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Showing posts from February, 2017

The Snail of Ohrid

Gocea ohridana is a snail found in only one location in the world—Lake Ohrid. The whole population lives under stones in an area not bigger than 10 km2 at a depth of down to 3 m. Globally classified as Critically Endangered on the IUCN Red List of Threatened Species, the main threats this snail faces include deforestation of the neighbouring areas that lead to erosion and an increased sediment load, stressing its ability to filter water. Pollution from sewage from the settlements around the lake and agriculture in the Prespa Lakes basin, which drains into Lake Ohrid through underground connections, is another major threat to this species. The good news, however, is that the Macedonian part of Lake Ohrid is protected as a World Heritage Site. The Albanian side is currently under national protection, while an international effort is under way to extend the existing World Heritage Property to cover the whole region of the lake. Story by: Altina Ismaili and IUCN  ** Gocea oh

Why you should visit Ohrid in winter

When tourists are gone and winter is in the air, Ohrid becomes again the picturesque lakeside town that has enchanted visitors since the Byzantine Empire. Actually, it is one of the 28 UNESCO World Heritage Sites that are on both the Cultural and the Natural lists. But I can’t help thinking about the time  when I was on the other side of the lake, on the Albanian shore .  The two experiences could not be more different: the touristy, postcard-perfect Macedonian outline of the Ottoman houses and the rough, neglected jumble of concrete on the Albanian side. Anyone who has visited both sides of Ohrid Lake knows that these two landscapes are not a just lake, but a whole world apart. By  Giulia Blocal The Ottoman houses on the shore of the lake are veiled in the morning mist, as if they were white ghosts against a blanket of white. This enveloping whiteness hovers over the wooden boats scattered around the lake and swallows the crown of houses ranged around it. Nevertheless,

Lake Ohrid withdrew drastically - what happened?

The level of Lake Ohrid decreased in January under the minimum of allowing quota determined by experts in the field. Its depth decreased by 23 centimeters in Albanian side of the Lake. The consequences of this phenomenon are serious for Lake Ohrid ecosystem and repair from this damage requires time, not to mention that could be irreversible. Environment experts in Pogradec urgently raised the concern for this issue, because the decreased level in Albanian side of the Lake is more obvious than in Macedonian side. It was estimated that in Tushemisht the water receded up to 40 meters from the shores, and the depth of water decreased to 1.3 meter in this area. According to Albanian local authorities, the cause for this problem is the uncontrolled water release in the Black Drin, opening the gates in Struga by Macedonian Authorities, without respecting the technical limits of water levels for the lake.  the lake withdrew drastically, due to After raising this concern, the Authorities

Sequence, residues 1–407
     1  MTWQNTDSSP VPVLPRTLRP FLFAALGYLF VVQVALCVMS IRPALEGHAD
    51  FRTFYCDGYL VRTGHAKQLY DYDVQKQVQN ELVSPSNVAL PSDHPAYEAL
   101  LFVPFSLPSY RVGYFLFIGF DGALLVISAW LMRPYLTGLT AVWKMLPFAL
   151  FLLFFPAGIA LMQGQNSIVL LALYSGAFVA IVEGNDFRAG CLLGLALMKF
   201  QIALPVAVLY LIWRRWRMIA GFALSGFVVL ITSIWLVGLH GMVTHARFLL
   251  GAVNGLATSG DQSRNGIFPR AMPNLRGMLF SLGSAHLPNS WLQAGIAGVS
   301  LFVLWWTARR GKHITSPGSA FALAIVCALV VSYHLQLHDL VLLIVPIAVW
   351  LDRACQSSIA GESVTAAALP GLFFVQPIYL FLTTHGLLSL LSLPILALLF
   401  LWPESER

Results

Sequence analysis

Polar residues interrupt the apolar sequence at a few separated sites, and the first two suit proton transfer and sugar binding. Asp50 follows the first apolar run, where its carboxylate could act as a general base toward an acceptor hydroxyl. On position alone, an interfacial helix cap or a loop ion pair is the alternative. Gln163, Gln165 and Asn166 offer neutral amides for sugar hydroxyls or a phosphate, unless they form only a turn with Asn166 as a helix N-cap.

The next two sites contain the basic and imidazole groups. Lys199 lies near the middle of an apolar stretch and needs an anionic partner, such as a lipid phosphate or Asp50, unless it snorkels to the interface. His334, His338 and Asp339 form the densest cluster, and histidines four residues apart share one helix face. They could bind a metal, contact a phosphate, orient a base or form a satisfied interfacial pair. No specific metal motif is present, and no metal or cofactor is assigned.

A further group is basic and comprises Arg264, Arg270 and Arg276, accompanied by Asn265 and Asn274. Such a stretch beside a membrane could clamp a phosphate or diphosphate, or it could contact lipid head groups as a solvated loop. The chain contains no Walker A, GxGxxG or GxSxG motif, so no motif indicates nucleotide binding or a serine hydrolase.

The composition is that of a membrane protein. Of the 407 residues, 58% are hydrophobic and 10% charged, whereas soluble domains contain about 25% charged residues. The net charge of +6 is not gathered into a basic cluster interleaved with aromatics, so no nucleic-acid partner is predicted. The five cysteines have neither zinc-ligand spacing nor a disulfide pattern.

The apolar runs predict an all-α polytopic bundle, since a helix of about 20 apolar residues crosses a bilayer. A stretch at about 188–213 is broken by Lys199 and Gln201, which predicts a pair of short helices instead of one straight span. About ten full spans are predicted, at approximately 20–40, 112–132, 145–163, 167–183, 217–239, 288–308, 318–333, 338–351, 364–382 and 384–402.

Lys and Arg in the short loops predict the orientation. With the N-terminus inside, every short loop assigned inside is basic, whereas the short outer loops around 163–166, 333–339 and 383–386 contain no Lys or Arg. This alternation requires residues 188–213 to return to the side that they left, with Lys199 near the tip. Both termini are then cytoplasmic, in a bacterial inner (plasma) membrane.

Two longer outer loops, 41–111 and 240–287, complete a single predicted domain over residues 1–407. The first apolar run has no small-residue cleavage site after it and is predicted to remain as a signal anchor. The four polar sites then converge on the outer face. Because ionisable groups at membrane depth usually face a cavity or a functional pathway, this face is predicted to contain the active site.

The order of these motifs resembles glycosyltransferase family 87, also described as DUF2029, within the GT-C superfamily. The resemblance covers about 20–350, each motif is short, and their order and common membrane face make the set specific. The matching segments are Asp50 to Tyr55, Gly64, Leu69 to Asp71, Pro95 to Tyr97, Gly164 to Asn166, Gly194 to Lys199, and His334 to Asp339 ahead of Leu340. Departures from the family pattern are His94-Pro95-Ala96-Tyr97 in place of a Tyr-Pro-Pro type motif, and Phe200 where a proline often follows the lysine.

Greece to ratify the protection of Prespa Park

Prespa Environment and Energy Minister Sokratis Famellos has tabled a bill in parliament that would ratify the International Agreement on the Protection and Sustainable Development of Prespa Park in northern Greece. The bill would continue to protect the park as a natural resource. Prespa Park (PP), is the first transboundary protected area in the Balkans, and was established on February 2, 2000, World Wetlands Day, with a joint declaration by the Prime Ministers of Greece, Albania and FYROM, following a proposal from the Society for the Protection of Prespa and the WWF. The news was welcomed by the municipality of Prespa and various environmental organizations and local protection groups such as the Managing Body of Prespa National Park, the Company for the Protection of Prespa, WWF Hellas, the Greek Ornithological Society, the Nature Protection Society, the Environment and Cultural Heritage Company, and the Goulandris Museum of Natural History. The organizations urged lawm

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